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Gluten Free Chapati World
Welcome to Gluten Free Chapati World. If you are here then it is likely that you, just like us, love eating chapati, but are gluten intolerant, or are cooking for friends or family who are gluten intolerant.
We found that the highly versatile chapati is one of the foods that people miss the most when they switch to a gluten free diet. When you extend that into roti, paratha and other flatbreads there’s a lot to miss.
Once we started looking we found that we were not alone. In fact, not at all! So many people are in the same situation and are desperately looking for facts, tips and information about how to bring chapati back into their diet – but without the gluten! The good news is that the quality of gluten free flour has improved so much that there are many alternatives to traditional wheat.
This site is dedicated to giving you as much information as possible to empower you to bring gluten free chapati back to your dinner table! If you have insight or a contribution to make then please let us know as we’d love to hear from you!
What are the symptoms of gluten intolerance? How do I know if I might need to go gluten free?
These pages are intended for your information only, we’re not doctors, we’re foodies, so please consult a doctor if you are concerned!
You are not alone. In the UK alone UK gluten free food and drink market was estimated to be £934 million in 2019 according to research group Mintel. That is a lot of food and drink! Half of UK adults report food or ingredient avoidances in their household and one in three adults have bought free-from food or drink. Half of parents want more free-from choice for kids with people mainly interested in the digestive health benefits that we can get from free from foods.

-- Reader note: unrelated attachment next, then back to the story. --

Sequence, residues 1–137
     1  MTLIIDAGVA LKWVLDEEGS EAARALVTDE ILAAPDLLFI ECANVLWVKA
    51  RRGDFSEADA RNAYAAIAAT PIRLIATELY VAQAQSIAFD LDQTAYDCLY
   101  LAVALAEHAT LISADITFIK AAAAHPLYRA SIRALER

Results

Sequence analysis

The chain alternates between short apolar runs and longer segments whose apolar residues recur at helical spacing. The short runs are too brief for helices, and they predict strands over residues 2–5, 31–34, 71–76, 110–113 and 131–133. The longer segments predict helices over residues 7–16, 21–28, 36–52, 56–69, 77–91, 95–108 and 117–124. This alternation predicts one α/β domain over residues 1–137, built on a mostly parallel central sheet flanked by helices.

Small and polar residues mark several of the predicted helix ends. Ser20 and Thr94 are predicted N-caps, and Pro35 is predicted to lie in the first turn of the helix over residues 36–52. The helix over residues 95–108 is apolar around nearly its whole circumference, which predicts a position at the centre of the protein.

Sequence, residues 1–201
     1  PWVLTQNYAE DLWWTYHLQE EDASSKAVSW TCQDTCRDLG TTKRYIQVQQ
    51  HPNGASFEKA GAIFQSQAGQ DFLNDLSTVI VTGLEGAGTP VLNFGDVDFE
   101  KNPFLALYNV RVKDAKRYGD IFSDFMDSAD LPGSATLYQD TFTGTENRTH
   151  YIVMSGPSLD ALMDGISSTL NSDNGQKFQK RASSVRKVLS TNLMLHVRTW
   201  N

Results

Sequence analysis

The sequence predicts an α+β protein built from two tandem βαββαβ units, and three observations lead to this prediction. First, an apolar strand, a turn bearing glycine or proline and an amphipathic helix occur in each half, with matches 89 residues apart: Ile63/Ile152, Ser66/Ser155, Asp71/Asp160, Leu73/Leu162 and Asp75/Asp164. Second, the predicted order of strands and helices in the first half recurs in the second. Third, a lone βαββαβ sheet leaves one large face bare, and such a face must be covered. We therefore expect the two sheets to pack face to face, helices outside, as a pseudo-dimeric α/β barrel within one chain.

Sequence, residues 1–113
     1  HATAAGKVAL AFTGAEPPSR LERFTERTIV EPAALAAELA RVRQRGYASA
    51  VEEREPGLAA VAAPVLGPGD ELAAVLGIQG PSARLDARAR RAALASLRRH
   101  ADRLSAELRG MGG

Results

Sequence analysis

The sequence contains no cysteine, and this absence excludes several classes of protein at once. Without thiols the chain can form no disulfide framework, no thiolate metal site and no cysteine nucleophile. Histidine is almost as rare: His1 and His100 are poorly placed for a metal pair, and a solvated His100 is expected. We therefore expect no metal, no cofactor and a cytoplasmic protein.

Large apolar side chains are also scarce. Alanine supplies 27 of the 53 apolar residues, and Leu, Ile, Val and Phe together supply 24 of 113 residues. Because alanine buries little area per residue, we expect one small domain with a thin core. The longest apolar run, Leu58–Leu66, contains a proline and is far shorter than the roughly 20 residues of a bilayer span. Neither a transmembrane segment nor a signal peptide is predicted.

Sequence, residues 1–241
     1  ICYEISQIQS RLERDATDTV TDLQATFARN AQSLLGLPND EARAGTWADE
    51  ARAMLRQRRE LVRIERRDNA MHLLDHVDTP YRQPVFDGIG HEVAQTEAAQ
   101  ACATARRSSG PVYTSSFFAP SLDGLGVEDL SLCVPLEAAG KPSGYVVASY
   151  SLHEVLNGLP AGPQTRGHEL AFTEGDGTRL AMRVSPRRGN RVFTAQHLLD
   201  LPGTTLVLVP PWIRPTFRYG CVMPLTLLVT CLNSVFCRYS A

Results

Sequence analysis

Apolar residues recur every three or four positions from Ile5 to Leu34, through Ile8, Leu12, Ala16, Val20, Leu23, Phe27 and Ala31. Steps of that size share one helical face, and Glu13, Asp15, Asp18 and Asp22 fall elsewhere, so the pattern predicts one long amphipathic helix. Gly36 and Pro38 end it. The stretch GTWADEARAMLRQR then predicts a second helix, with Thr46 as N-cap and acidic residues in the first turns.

To follow a gluten free diet you must avoid wheat and some other grains while choosing substitutes that provide nutrients for a healthy diet.
Gluten is a protein found in most grains. The gluten found in wheat, barley and rye can trigger serious health problems or other insensitivities in some people. While other grains such as corn, rice and quinoa also contain gluten, they don't seem to cause the same problems as wheat, barley, and rye.
Because wheat, rye, barley and foods made from them are so common, taking them out of your diet will completely change your make-up of nutrient absorption. So you should really check with your doctor, or nutritionist or dietician to maintain a well-balanced diet.
Many people also choose to follow a gluten-free diet for other reasons. For those without a gluten-related medical condition there are other benefits reported from cutting out gluten; such as improved health, weight loss and increased energy.